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1089 Spadina Road
Toronto, AL M5N 2M7
Ph: 416-483-2654
Fax: 416-483-2654

Child Orthopedics
Spine - Cervical
Spine - Lumbar
Spine - Thoracic

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As a family, the three adult children of our family are searching out information about knee replacements. Both our parents need at least one. Dad may need both knees replaced. My job is to find out more about the "what-can-go-wrong" side of things. What should we be prepared to face if something should go south?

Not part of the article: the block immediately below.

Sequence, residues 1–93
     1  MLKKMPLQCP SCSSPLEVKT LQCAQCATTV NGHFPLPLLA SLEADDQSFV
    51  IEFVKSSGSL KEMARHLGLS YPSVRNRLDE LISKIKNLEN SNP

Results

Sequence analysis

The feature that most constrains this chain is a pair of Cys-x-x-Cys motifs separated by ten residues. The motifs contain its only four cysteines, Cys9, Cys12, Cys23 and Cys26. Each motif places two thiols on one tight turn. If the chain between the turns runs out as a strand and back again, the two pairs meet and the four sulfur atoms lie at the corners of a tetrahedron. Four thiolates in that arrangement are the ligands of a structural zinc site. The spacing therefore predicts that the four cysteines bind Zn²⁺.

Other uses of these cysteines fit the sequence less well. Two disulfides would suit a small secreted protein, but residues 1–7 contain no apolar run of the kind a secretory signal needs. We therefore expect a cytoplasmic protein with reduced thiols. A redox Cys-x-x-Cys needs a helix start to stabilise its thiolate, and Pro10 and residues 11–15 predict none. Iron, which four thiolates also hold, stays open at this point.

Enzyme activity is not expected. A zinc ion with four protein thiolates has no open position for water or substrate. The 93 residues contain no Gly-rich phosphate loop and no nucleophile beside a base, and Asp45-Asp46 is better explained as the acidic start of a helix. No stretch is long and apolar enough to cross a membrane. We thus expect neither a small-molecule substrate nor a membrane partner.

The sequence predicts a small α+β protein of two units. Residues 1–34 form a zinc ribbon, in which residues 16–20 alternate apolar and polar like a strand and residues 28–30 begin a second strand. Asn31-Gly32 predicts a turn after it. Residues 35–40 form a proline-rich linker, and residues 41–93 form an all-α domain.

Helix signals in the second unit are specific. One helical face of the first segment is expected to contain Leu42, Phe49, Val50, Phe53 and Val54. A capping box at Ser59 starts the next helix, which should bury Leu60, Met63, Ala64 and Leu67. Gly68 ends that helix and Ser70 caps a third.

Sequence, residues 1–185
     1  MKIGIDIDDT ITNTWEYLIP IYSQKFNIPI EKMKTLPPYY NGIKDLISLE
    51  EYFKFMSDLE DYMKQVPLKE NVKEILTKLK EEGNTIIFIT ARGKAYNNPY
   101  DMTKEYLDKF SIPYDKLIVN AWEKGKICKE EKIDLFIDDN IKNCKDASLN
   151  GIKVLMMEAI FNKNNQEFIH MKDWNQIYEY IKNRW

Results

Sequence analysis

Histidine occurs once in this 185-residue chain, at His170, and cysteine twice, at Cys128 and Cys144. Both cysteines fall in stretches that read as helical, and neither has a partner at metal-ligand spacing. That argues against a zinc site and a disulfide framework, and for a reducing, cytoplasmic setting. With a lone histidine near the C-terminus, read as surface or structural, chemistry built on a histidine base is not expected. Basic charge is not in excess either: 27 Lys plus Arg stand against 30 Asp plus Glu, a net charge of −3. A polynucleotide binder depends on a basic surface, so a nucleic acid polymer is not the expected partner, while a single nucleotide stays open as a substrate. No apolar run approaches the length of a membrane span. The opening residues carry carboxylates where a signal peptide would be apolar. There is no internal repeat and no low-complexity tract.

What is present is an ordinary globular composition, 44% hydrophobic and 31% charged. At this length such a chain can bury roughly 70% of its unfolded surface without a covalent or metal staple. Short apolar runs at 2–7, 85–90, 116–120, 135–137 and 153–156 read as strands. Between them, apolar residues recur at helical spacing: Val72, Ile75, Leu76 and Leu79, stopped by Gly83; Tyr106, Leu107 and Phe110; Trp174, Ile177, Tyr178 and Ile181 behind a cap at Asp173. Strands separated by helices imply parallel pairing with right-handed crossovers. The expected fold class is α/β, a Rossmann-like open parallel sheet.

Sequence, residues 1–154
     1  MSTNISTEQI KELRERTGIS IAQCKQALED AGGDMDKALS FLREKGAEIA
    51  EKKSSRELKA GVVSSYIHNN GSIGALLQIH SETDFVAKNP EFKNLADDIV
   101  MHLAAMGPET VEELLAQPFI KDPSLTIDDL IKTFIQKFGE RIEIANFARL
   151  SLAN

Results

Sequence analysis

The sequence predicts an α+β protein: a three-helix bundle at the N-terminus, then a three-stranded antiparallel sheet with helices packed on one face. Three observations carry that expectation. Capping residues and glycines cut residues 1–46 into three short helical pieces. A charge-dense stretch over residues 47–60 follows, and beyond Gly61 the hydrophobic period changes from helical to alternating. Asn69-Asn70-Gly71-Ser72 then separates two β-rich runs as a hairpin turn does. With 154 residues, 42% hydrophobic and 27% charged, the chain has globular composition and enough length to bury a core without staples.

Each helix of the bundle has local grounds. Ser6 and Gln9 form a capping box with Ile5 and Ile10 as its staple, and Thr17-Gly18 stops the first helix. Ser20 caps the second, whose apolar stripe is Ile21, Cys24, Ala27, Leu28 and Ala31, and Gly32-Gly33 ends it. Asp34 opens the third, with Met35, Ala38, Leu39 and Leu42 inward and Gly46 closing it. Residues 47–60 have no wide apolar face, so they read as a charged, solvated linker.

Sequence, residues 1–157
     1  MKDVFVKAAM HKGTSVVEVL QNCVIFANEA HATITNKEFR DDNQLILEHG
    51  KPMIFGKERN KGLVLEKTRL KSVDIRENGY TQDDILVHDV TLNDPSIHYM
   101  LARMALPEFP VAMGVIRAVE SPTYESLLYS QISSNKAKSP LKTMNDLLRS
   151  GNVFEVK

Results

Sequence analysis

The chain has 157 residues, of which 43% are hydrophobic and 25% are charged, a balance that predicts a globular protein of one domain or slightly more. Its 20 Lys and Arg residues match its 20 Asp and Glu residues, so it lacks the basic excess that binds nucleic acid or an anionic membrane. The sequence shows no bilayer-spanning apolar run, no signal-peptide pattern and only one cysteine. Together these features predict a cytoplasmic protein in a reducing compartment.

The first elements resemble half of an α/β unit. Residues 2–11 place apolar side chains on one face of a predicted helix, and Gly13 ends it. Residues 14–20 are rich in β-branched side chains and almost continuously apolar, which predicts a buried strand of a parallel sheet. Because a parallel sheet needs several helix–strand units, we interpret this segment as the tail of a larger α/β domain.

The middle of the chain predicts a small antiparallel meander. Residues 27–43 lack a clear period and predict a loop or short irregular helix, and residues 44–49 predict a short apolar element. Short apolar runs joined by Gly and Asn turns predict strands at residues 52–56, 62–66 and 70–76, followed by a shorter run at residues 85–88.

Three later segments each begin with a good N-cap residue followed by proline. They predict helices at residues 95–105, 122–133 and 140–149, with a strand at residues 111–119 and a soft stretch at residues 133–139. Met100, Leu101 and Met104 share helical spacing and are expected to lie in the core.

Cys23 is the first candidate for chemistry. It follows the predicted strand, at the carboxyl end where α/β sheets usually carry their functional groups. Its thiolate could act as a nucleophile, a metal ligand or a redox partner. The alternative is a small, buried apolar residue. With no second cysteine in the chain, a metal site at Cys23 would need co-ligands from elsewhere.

There is always the risk of complications and problems with any surgery. Fortunately, the number of patients affected is low at most hospitals or centers for joint surgery. But they can occur and being prepared ahead of time helps mobilize the family into action when necessary. The most serious complication is death from blood clots, heart attacks, or strokes. Poor wound healing, deep infection, and implant failure head the list of other more common problems. Who is at risk? According to a recent review study, it looks like patients who have other health issues have an overall higher rate of complications and increased risk of poor outcomes with their knee implant. Dislocations, deep infections, and implant loosening and failure were observed in the group at-risk due to poor health. Implant failure requiring reoperation is most commonly linked with infection. Risk factors include male sex, patients with rheumatoid arthritis, and history of bone fracture anywhere around the knee. Infection is less likely when implants are put in place with cement that has antibiotic in it or when the patient is receiving intravenous (IV) antibiotics directly to the bloodstream. Additional factors that increase the risk of infection include obesity (body mass index greater than 50), diabetes, and younger age. Diabetes was actually a major complicating factor. Patients with diabetes were more likely to suffer serious complications of surgery such as stroke, delayed wound healing, and amputation because of deep, uncontrolled infection. Consider going with your parents to their appointments and asking the surgeon what risk factor your parents have, the likelihood of problems developing, and what you can do to help. Preparation and prevention are two important keys to reducing complications. You are well on your way to making a difference for your parents just by asking the right questions!


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